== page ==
Scientists at The University of Texas at Austin have developed a new method to rapidly detect a single virus in urine, as reported this week in the journal Proceedings of the National Academy of Sciences. While the technique presently works on just one virus, scientists say it could be adapted to detect a range of […]

Tags: ,

Experimental drug against hepatitis C slows down Zika virus infection in mice

Posted on

Virologists from KU Leuven, Belgium, have shown that an experimental antiviral drug against hepatitis C slows down the development of Zika in mice. The research team was led by Professor Johan Neyts from the Laboratory of Virology and Chemotherapy. “The Zika virus is transmitted by the tiger mosquito. Roughly twenty percent of the people who […]

Tags: ,

Mouse models of Zika in pregnancy show how fetuses become infected

Posted on

Two mouse models of Zika virus infection in pregnancy have been developed by a team of researchers at Washington University School of Medicine in St. Louis. In them, the virus migrated from the pregnant mouse’s bloodstream into the placenta, where it multiplied, then spread into the fetal circulation and infected the brains of the developing […]

Tags: ,

Zika virus may cause microcephaly by hijacking human immune molecule

Posted on

The U.S. Centers for Disease Control and Prevention recently concluded that Zika virus infection in pregnant women can stunt neonatal brain development, leading to babies born with abnormally small heads, a condition known as microcephaly. Now, for the first time, researchers at University of California San Diego School of Medicine have determined one way Zika […]

Tags: , ,

A real Peter Rabbit tale: Biologists find key to myxoma virus/rabbit coevolution

Posted on

A naturally-occurring mutation in a rabbit-specific virus — related to the smallpox virus — weakens the virus and may give insight to understanding pathogen evolution, according to a Kansas State University study. “Our findings may help scientists predict which viruses can pose threats to humans,” said Stefan Rothenburg, assistant professor in the Division of Biology […]

Tags: ,

Developing ways to study influenza D virus

Posted on

Although a new influenza virus, now called influenza D, was discovered first in pigs, researchers found it was more common in cattle. However, further research has identified antibodies to the virus in small ruminants, but not in poultry. To identify exposure to the virus, South Dakota State University doctoral student Chithra Sreenivasan tests blood samples […]

Tags: ,

* Canine influenza transmitted to cats in Midwestern shelter

Posted on

It may be called canine influenza, but Sandra Newbury, clinical assistant professor and director of the Shelter Medicine Program at the University of Wisconsin School of Veterinary Medicine, has confirmed that the virus that sickened a large number of dogs in the Midwest last year has now infected a group of cats in the region. […]

Tags: , ,

Likely biological link found between Zika virus, microcephaly

Posted on

Working with lab-grown human stem cells, a team of researchers suspect they have discovered how the Zika virus probably causes microcephaly in fetuses. The virus selectively infects cells that form the brain’s cortex, or outer layer, making them more likely to die and less likely to divide normally and make new brain cells. The researchers […]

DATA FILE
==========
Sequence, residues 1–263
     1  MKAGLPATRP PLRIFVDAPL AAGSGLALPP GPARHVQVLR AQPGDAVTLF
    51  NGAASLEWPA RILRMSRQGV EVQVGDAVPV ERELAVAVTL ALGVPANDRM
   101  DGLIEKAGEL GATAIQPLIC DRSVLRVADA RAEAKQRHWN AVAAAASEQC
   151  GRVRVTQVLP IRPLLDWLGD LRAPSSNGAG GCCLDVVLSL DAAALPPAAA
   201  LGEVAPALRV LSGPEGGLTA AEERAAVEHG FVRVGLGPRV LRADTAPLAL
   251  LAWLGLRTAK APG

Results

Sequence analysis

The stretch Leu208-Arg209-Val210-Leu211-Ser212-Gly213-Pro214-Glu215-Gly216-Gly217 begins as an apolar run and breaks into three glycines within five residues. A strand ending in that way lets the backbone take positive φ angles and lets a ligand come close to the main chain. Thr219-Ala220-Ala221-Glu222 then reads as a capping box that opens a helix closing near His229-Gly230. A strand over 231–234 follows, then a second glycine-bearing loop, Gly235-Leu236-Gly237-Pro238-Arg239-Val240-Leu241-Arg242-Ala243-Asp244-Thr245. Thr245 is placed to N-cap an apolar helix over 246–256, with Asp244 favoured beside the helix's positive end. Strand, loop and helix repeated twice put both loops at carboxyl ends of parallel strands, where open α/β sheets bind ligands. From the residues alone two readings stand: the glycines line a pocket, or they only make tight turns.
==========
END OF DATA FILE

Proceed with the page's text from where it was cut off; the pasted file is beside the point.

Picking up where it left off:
Tags: , ,

New virus transmission route discovered in pigs

Japanese Encephalitis (JE) virus causes serious inflammation of the brain in people and fertility problems in pigs. Mosquitoes were previously the only known transmission route. However, the virus can also be spread from pig to pig by direct contact, and this could enable it to circulate in pigs during the mosquito-free winter season. The JE […]

Tags: ,

Zika researchers release real-time data on viral infection study in monkeys

Researchers in the United States who have infected monkeys with Zika virus made their first data public last week.  But instead  of publishing them in a journal, they have released them online for anyone to view- and are updating their results day by day. The team is posting raw data on the amount of virus detected […]

Tags: , ,

Zika virus linked to stillbirth, other symptoms in Brazil

In January, a pregnant Brazilian woman infected with the Zika virus had a stillborn baby who had signs of severe tissue swelling as well as central nervous system defects that caused near-complete loss of brain tissue. It is the first report to indicate a possible association of congenital Zika virus and damage to tissues outside […]

Tags: ,

Experimental Ebola antibody protects monkeys

Scientists at the National Institute of Allergy and Infectious Diseases (NIAID), part of the National Institutes of Health, and colleagues have discovered that a single monoclonal antibody–a protein that attacks viruses–isolated from a human Ebola virus disease survivor protected non-human primates when given as late as five days after lethal Ebola infection. The antibody can […]

Tags: ,

* Electron microscopy captures snapshot of structure coronaviruses use to enter cells

High-resolution cryo-electron microscopy and supercomputing have now made it possible to analyze in detail the infection mechanisms of coronaviruses. These viruses are notorious for attacking the respiratory tract of humans and animals. A research team that included scientists from the University of Washington (UW), the Pasteur Institute and the University of Utrecht has obtained an […]

Tags: ,

* Zika virus might cause Guillain-Barré syndrome, according to new evidence

Analysis of blood samples from 42 patients diagnosed with Guillain-Barré syndrome (GBS) during the Zika virus outbreak in French Polynesia provides the first evidence that Zika virus might cause GBS, a severe neurological disorder, according to new research published in The Lancet today. Based on the analysis of data from French Polynesia, if 100000 people […]

Tags: , ,

Effectiveness of a herpesvirus CMV-based vaccine against Ebola

Posted on

This study represents a crucial step in the translation of herpesvirus-based Ebola virus vaccines into humans and other great apes. As the latest in a series of studies, researchers at Plymouth University, National Institutes of Health and University of California, Riverside, have shown the ability of a vaccine vector based on a common herpesvirus called […]

Tags: , ,

Sidebar